Road Blocks: Impediments to Downtown Redevelopment

Photo courtesy of
Photo courtesy of

If you’ve lived in these froggy environs for ten years or more, it is unmistakable. Downtown is booming.

The last major redevelopment in Toledo downtown began in the early eighties. Owens Illinois built its world headquarters building, now the Fifth Third Bank building. Portside Festival Marketplace opened with quaint shops, and even a bar with a pool. Four Seagate was built, as were several other new buildings on Summit Street. The new government center was completed, and the old federal building was demolished, allowing a view of the muddy Maumee. Skywalks were built to connect everything, including a new convention center.

Then it slowly fell apart. Portside’s rents were too high, and one by one, the shops closed. The skywalks fell into disrepair. Owens Illinois was bought and split up, and eventually moved out of the building it had built. More and more businesses followed suit, moving out of the city into suburban industrial parks.

By the mid-nineties, downtown was a ghostly image of its heyday in the fifties.

Comeback kid

Then things started to turn around. The county built a new stadium for the Mud Hens, and it became an immediate hit. The stadium slowly but surely spurred redevelopment of adjacent buildings, and now it is surrounded by bars, restaurants, art studios and shops. The new hockey arena soon followed, ensuring downtown infusions of sports and music fans on a regular basis.

The big game changer, of course, was ProMedica’s move downtown.

Long dormant spots on Summit are now awakening from their slumber. Redevelopment of buildings into residential space continues, with everything from market rate apartments to high end condos. Most are gobbled up even before they are completed. Thousands of people now live downtown, and thousands more want to.

There’s a new energy, from events at the revitalized Promenade Park to outdoor concerts at Hensville, There are pedicabs and barcycles, golf cart taxis and resurgent nightlife.

Uptown funk

Alas, not all is rosy. Here are some of the remaining problems to be tackled for downtown to truly be labeled a success.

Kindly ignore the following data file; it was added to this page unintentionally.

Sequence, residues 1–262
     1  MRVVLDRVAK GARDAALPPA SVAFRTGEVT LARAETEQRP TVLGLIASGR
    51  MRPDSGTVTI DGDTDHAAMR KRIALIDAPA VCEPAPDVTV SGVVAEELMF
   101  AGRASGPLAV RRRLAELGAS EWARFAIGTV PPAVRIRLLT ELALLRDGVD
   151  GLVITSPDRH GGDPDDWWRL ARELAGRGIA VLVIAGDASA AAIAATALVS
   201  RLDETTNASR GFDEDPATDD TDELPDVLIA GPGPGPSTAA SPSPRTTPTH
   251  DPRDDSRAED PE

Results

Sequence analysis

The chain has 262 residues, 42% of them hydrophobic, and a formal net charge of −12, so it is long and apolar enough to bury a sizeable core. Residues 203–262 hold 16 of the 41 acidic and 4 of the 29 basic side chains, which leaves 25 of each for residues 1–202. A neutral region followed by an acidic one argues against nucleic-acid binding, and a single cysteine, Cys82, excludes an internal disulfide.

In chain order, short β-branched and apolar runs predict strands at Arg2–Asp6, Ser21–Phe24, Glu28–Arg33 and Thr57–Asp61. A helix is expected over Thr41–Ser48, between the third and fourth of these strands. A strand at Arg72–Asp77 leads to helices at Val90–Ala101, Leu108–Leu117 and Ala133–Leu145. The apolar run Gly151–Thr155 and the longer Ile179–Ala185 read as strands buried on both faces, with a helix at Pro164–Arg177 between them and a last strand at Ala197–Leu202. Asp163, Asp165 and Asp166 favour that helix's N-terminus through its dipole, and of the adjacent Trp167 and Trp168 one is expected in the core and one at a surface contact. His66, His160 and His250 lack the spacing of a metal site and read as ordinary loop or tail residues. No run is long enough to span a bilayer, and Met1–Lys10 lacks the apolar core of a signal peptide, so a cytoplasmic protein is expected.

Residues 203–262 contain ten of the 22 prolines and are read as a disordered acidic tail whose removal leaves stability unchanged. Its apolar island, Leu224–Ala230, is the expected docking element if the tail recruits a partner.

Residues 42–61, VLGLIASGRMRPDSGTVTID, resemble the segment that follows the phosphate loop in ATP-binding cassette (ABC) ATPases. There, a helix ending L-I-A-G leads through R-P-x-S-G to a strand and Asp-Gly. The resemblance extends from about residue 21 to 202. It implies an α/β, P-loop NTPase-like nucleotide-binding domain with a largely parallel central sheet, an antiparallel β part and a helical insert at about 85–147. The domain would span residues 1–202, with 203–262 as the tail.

1. Winners and losers. The county had a big hand in downtown’s resurgence by building the convention center, ball park, and arena. Unfortunately it found the space by dropping them in the middle of intersections, severing through streets. Most of the redevelopment is sequestered in the warehouse district and along Monroe Street, with a dab of Adams Street between 12th and 21st thrown in. Everything else is spotty. Superior between Madison and Adams is attempting a comeback, and the redevelopment of the Tower on the Maumee will help, but until more redevelopment happens throughout downtown, the renaissance can’t be called an unqualified success.

2. Madison and Huron. The last corner with four intact high rises. Two of which are owned by a notorious out of state scofflaw who refuses to do anything productive with them. The third, the old Nasby Building, was recently purchased from the city by a group of investors for redevelopment. Perhaps if that happens, the Nicholas and Spitzer will finally get the love they deserve. This would help problem #1 above, also.

3. Road construction. ‘Nuff said.

4. That giant sucking sound. As downtown redevelops, much of its growth is at the expense of surrounding suburbs and Toledo’s neighborhoods. Moving pieces of the puzzle from the mall to Madison Ave doesn’t grow the region. We need to attract folks from elsewhere to grow the puzzle.

5. Uptown, downtown. We have to stop thinking of uptown as somehow distinct from downtown. Likewise the warehouse district. We need a comprehensive redevelopment strategy for all of the above. Outsiders don’t see the distinction, and we shouldn’t either. Parochialism is death.